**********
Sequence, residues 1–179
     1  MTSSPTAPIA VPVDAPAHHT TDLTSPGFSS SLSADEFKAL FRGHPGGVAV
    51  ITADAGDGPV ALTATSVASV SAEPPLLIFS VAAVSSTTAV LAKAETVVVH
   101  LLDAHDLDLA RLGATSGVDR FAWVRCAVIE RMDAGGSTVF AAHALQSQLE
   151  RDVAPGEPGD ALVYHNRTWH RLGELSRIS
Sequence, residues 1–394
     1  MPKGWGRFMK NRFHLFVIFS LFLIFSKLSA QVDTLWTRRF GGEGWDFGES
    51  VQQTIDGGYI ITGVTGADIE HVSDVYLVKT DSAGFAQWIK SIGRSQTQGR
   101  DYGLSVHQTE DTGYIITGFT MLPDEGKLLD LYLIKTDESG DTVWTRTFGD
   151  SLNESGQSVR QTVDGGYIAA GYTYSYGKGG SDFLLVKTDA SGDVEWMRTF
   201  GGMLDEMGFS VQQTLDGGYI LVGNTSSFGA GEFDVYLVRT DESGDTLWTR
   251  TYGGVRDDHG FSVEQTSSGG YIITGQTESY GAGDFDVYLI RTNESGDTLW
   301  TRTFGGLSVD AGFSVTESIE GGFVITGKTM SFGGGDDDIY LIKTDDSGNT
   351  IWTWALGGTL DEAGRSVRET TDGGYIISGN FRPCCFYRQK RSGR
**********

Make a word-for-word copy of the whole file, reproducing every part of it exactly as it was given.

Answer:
Sequence, residues 1–179
     1  MTSSPTAPIA VPVDAPAHHT TDLTSPGFSS SLSADEFKAL FRGHPGGVAV
    51  ITADAGDGPV ALTATSVASV SAEPPLLIFS VAAVSSTTAV LAKAETVVVH
   101  LLDAHDLDLA RLGATSGVDR FAWVRCAVIE RMDAGGSTVF AAHALQSQLE
   151  RDVAPGEPGD ALVYHNRTWH RLGELSRIS
Sequence, residues 1–394
     1  MPKGWGRFMK NRFHLFVIFS LFLIFSKLSA QVDTLWTRRF GGEGWDFGES
    51  VQQTIDGGYI ITGVTGADIE HVSDVYLVKT DSAGFAQWIK SIGRSQTQGR
   101  DYGLSVHQTE DTGYIITGFT MLPDEGKLLD LYLIKTDESG DTVWTRTFGD
   151  SLNESGQSVR QTVDGGYIAA GYTYSYGKGG SDFLLVKTDA SGDVEWMRTF
   201  GGMLDEMGFS VQQTLDGGYI LVGNTSSFGA GEFDVYLVRT DESGDTLWTR
   251  TYGGVRDDHG FSVEQTSSGG YIITGQTESY GAGDFDVYLI RTNESGDTLW
   301  TRTFGGLSVD AGFSVTESIE GGFVITGKTM SFGGGDDDIY LIKTDDSGNT
   351  IWTWALGGTL DEAGRSVRET TDGGYIISGN FRPCCFYRQK RSGR